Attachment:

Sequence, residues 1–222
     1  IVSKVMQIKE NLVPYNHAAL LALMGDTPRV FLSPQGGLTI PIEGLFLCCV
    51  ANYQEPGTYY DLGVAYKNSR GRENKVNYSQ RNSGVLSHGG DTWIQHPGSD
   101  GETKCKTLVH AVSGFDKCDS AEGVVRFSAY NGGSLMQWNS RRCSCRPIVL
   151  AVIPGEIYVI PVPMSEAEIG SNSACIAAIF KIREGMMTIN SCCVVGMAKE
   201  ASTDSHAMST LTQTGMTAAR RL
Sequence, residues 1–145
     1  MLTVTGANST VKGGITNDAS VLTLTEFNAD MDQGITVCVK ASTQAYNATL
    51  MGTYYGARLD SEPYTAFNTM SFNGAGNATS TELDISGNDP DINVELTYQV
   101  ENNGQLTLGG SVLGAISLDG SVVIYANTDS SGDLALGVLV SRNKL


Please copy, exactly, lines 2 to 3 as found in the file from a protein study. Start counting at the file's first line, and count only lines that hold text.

     1  IVSKVMQIKE NLVPYNHAAL LALMGDTPRV FLSPQGGLTI PIEGLFLCCV
    51  ANYQEPGTYY DLGVAYKNSR GRENKVNYSQ RNSGVLSHGG DTWIQHPGSD